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Sunday, Nov 18, 2001

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Casual arrangements


A display with Euphoria antiquorum.

MANY plant specimens have come home to be sketched, painted or to be studied. While I worked on the plants many of them, in the warm Chennai weather, wilted and ended up in the wastebasket. But for a piece of the succulent Euphorbia antiquorum with its long lasting flowers collected from the scrub jungle after identification and sketching, and kept in a terracotta pot, it was different.

A flower arrangement enthusiast who saw the plant exclaimed: ``What a beautiful arrangement!'' It was only then that I realised that placing the plant in a pot had enhanced its beauty.

While walking on the beach near Injambakkam (on the outskirts of Chennai), I picked up a dry inflorescence of the sandbinder known in Tamil as Ravanan Meesai (botanists know it as Spinifex squarrosus). The spiky globus head was rolling about in the sand like tumbleweed in the American deserts.

The flowering head set in a piece of bamboo with a dried branch of Rhododendron nilagiricum collected from Kodaikanal along with some dried Bullrushes Typha angustata from a marsh near Chennai became an intriguing dry arrangement. Many of the common roadside plants when collected and dried make excellent material for dry arrangements.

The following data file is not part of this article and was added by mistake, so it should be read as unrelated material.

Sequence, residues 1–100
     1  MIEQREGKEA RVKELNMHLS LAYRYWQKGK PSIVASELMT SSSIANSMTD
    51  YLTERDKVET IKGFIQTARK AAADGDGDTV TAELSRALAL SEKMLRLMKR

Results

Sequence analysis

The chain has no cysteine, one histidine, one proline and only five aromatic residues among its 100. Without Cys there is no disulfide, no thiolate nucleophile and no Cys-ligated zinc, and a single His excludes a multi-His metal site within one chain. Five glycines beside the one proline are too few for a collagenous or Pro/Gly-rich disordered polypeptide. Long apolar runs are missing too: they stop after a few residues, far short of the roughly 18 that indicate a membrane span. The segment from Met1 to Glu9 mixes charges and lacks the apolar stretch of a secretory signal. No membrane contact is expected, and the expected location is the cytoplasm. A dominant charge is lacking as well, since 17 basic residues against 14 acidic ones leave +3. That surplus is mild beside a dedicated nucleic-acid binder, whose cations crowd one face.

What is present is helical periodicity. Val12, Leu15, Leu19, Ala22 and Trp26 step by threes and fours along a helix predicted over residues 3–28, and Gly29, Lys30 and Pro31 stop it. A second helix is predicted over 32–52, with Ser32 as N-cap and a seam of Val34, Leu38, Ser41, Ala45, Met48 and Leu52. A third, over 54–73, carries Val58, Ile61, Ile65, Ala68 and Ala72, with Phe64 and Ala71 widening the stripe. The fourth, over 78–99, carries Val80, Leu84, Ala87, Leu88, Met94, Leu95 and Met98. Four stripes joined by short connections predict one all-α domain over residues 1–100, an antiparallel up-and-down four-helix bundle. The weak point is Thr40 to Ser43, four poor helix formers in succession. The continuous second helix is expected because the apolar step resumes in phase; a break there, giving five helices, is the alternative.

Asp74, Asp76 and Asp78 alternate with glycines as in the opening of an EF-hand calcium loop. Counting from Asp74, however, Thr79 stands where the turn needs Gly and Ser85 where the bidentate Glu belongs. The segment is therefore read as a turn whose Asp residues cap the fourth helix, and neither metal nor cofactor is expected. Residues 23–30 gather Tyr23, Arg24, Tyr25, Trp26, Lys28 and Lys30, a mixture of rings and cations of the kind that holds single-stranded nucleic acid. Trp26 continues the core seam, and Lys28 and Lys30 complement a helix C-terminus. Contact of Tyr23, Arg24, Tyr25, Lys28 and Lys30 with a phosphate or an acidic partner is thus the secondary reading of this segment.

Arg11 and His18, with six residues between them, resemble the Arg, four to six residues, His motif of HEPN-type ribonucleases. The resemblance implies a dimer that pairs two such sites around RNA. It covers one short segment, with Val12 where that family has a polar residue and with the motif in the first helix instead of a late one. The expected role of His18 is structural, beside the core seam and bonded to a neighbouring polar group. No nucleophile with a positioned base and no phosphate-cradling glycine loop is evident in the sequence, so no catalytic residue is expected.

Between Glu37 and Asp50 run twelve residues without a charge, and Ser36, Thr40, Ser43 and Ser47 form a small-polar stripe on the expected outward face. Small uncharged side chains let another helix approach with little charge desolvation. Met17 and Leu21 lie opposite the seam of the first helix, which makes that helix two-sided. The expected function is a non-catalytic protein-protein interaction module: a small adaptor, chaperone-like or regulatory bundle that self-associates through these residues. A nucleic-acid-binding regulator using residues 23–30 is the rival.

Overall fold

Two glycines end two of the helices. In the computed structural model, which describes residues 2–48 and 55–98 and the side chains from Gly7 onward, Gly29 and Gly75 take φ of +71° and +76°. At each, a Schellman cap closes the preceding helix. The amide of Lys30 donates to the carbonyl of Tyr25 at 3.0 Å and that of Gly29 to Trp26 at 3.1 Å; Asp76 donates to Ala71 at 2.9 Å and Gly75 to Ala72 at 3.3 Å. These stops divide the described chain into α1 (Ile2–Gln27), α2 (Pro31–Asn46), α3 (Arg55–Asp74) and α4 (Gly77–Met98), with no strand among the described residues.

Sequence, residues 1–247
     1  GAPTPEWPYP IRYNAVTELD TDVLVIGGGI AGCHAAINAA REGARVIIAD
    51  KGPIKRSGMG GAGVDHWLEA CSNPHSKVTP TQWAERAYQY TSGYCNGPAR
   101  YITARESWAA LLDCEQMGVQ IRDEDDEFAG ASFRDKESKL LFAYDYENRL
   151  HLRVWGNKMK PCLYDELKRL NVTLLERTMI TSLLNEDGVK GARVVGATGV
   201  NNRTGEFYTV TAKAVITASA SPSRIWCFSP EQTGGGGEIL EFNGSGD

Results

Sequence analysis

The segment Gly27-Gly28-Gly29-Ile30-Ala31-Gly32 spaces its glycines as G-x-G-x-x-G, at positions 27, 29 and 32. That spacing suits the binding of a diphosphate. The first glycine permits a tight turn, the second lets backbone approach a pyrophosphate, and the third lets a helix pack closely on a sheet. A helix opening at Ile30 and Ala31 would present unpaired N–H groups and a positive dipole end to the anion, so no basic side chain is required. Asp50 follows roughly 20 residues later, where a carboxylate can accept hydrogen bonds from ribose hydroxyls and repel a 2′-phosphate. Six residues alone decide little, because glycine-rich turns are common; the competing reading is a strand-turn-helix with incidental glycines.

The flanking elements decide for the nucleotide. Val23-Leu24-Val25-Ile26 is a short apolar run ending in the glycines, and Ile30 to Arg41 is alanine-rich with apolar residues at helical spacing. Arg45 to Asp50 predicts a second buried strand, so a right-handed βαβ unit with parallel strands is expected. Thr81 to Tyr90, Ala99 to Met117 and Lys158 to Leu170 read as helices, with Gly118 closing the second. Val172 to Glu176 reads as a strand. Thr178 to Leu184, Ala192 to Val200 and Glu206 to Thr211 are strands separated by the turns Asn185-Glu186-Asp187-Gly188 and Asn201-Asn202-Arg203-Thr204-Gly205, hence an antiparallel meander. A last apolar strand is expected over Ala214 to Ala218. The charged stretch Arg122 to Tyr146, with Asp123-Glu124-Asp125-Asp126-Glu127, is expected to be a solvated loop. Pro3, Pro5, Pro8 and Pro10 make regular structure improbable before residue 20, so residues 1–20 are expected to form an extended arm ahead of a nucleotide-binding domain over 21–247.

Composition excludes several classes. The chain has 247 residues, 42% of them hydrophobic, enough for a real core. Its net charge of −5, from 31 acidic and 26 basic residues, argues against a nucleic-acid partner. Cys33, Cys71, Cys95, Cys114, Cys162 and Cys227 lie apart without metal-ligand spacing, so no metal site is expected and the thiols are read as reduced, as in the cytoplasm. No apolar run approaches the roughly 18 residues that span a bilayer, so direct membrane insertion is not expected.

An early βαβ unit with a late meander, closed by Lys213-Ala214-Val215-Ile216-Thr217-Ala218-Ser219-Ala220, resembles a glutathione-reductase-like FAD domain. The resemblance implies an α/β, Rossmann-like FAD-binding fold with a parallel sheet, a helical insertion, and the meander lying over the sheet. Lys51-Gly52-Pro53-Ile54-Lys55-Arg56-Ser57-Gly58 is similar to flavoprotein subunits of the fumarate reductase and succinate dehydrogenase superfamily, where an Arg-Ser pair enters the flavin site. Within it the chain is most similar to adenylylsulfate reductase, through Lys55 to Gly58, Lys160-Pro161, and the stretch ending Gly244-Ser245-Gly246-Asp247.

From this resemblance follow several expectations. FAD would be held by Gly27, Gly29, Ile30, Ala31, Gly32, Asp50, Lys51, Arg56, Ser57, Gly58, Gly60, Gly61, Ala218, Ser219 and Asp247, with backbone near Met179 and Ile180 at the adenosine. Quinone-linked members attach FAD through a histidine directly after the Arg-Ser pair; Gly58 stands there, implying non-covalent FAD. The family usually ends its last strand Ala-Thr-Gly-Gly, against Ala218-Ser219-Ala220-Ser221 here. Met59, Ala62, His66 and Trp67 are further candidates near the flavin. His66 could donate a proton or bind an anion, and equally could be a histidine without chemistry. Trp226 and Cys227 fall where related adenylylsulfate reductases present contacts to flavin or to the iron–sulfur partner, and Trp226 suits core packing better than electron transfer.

The long flower branches of the square-stemmed plant Leonotis nepetifolia, known to the gardener as ``Lion's Ear'', are also good for arrangements.

The tropical African plant arrived in our country as an ornamental and is now seen as a garden escape with its orange-red flowers standing sentinel by our roads in dry areas. After sketching, I kept a bunch of the flowering branches in a container and thus an arrangement was unintentionally created. There is abundant and beautiful material for arrangements all around us. What was the secret of forgotten plants looking so attractive when arranged?

Plants, especially the natural ones (as opposed to those artificially made) have a vibrancy of their own. They only need our help to bring out the beauty in them. Even the weed growing unnoticed in the thicket is strikingly beautiful.

Plant them, sketch them and arrange them and they become pieces of fine art. Art, whatever man may claim it to be, is nothing but his sincere effort to imitate the unattainable perfection that is Nature.

Text and picture by

O.T. RAVINDRAN

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